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Clinical Trial Summary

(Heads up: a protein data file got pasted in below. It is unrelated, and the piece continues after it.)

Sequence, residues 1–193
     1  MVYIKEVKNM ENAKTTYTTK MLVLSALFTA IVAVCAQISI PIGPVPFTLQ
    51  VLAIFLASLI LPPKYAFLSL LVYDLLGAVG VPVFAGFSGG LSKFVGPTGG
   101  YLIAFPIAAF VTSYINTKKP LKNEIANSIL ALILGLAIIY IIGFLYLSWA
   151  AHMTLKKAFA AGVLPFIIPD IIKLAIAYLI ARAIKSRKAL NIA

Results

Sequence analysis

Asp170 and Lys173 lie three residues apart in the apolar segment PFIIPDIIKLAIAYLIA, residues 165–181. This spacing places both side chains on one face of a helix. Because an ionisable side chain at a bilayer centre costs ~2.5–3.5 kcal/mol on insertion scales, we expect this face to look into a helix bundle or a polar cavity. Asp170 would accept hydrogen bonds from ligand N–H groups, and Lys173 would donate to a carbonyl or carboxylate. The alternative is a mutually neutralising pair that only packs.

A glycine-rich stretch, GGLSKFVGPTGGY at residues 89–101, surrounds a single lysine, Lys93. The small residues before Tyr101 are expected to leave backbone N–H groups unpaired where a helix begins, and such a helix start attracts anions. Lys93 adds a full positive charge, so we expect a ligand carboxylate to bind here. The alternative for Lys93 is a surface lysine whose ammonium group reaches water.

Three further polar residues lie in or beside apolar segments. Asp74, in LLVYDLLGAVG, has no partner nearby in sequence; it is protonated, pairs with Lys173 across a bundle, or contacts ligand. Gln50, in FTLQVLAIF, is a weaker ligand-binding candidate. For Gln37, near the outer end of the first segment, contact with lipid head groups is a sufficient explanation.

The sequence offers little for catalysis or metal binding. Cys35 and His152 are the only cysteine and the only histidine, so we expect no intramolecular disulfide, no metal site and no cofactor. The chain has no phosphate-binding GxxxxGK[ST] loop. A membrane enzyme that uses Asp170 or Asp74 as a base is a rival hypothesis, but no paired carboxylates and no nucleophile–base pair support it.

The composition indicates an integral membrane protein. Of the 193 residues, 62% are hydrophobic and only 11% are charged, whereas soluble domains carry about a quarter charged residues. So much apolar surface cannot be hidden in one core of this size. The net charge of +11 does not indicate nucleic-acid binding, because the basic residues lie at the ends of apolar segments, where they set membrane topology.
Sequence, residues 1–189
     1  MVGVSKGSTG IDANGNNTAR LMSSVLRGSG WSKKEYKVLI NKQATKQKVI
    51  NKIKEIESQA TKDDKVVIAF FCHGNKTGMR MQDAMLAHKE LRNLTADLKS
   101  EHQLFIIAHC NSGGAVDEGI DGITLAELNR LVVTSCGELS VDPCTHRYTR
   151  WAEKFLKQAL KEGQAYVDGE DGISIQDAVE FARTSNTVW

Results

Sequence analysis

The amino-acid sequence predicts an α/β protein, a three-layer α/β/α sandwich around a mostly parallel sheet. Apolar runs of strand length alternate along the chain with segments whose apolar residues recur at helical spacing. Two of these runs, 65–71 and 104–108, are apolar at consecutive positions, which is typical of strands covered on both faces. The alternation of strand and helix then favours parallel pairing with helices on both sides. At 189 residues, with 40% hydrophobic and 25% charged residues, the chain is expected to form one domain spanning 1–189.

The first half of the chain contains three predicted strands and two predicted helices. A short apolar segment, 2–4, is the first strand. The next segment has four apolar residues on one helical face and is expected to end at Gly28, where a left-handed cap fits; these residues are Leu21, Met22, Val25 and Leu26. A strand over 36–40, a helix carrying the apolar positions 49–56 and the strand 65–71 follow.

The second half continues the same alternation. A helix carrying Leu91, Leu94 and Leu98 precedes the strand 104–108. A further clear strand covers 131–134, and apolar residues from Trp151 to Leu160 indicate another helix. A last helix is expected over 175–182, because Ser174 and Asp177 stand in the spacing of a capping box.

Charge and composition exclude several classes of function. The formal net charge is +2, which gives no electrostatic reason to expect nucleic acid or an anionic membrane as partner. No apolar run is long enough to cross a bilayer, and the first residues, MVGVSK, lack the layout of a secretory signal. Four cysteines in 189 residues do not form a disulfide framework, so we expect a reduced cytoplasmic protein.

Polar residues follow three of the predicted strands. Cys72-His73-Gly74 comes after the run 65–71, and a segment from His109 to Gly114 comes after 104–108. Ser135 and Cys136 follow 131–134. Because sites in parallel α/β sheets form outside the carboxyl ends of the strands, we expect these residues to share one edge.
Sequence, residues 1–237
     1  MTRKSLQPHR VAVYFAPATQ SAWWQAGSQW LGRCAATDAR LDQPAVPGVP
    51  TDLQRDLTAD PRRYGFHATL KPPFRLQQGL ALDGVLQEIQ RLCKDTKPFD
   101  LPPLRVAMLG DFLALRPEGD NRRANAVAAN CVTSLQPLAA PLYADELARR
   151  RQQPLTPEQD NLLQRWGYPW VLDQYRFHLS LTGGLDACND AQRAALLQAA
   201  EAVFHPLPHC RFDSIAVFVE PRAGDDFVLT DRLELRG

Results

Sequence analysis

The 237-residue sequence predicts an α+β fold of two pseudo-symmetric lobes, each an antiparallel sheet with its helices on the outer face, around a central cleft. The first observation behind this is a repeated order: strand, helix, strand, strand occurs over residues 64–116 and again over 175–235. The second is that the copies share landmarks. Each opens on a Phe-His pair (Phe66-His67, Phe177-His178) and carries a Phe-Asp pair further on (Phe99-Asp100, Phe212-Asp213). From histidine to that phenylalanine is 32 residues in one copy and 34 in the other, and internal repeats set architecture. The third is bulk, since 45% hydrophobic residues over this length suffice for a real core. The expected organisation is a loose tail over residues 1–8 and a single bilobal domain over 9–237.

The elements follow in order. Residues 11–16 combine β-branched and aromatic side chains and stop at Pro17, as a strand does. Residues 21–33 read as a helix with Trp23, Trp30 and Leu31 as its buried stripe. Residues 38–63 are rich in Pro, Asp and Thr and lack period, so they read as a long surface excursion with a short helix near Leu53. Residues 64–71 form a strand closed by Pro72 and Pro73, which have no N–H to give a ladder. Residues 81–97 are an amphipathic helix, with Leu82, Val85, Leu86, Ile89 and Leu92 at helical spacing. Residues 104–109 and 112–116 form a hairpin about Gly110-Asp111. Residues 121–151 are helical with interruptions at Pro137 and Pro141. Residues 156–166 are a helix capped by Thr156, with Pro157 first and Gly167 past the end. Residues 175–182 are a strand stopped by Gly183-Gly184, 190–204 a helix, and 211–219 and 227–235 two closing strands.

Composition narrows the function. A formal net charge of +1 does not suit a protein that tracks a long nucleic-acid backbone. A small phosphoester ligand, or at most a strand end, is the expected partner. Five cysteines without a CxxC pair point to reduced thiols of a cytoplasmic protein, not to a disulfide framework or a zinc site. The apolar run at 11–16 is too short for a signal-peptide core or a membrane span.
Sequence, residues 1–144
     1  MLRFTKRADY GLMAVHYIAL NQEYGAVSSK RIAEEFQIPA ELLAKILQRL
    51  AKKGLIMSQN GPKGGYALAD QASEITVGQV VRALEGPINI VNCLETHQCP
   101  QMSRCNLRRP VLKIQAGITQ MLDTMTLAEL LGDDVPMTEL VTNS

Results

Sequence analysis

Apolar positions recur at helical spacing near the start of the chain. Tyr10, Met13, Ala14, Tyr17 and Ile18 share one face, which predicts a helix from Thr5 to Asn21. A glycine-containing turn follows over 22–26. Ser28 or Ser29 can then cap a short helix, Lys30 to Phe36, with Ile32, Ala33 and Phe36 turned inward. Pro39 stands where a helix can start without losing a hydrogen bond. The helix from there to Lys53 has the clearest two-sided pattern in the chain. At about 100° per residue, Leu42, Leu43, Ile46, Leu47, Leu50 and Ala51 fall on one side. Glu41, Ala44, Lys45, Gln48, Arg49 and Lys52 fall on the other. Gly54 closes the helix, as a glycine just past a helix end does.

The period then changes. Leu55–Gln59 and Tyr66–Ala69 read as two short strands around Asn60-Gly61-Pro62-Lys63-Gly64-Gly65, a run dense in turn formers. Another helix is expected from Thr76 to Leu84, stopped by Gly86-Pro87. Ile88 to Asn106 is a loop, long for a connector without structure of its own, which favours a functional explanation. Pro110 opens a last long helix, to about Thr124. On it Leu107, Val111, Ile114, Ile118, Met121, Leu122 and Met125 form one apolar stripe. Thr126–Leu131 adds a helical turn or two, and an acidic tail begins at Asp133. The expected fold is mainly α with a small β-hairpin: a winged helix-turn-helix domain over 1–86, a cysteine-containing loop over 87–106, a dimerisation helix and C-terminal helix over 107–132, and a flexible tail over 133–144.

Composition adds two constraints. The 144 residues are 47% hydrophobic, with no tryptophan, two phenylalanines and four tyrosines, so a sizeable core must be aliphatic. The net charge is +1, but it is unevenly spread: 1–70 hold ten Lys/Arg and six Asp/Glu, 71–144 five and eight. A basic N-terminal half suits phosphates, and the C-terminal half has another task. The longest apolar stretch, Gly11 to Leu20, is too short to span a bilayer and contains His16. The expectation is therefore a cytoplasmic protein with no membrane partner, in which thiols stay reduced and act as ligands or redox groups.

Background: Impairment in cognitive processing speed is a consistent finding in schizophrenia spectrum disorder. Vitamin D deficiency is found to be significantly associated with reduced processing speed. In this study, we will investigate the effect from vitamin D supplementation on processing speed. Objective: The primary objective is to investigate whether vitamin D supplementation is superior to placebo in improving processing speed. The secondary objectives are to investigate whether vitamin D supplementation is superior to placebo in improving negative symptoms, social and physical activity. Study design: Randomized placebo-controlled double blind trial. Study population: Men and women, aged 18-65 years, diagnosed with a schizophrenia spectrum disorder, in treatment for their disorder at the Division for Mental Health at Akershus university hospital. Intervention: Participants will be randomized 1:1 to either vitamin D3 (50µg capsules) or placebo daily for 12 weeks. The medical product or placebo will be given in addition to treatment as usual. Study measures: Cognitive tests, symptom assessments and blood sampling for vitamin D analyses will be performed at baseline and after 12 weeks intervention. During the 12 week intervention period the participants will use a smart phone application (MinDag) for self-report and an actigraph (MotionWatch 8 actigraph from CamNtech) for registration of physical activity. Endpoints: Primary outcome is change in cognitive performance on the symbol coding test from the Brief assessment of Cognition in Schizophrenia (BACS). Secondary outcomes are change in performance on the the Category Fluency Test from the MATRICS Consensus Cognitive battery, change in negative symptoms from the clinician rated Brief negative symptom scale (BNSS), and change in self-reported negative symptoms from the scale Self-assessment of negative Negative Symptoms (SNS). Secondary outcomes also include change in self-reported social activities and change in actigraph registered physical activity. Expected benefits for consumers and caregivers: The results from the study will indicate whether vitamin D supplementation could represent a beneficial treatment strategy for impaired processing speed and related symptoms.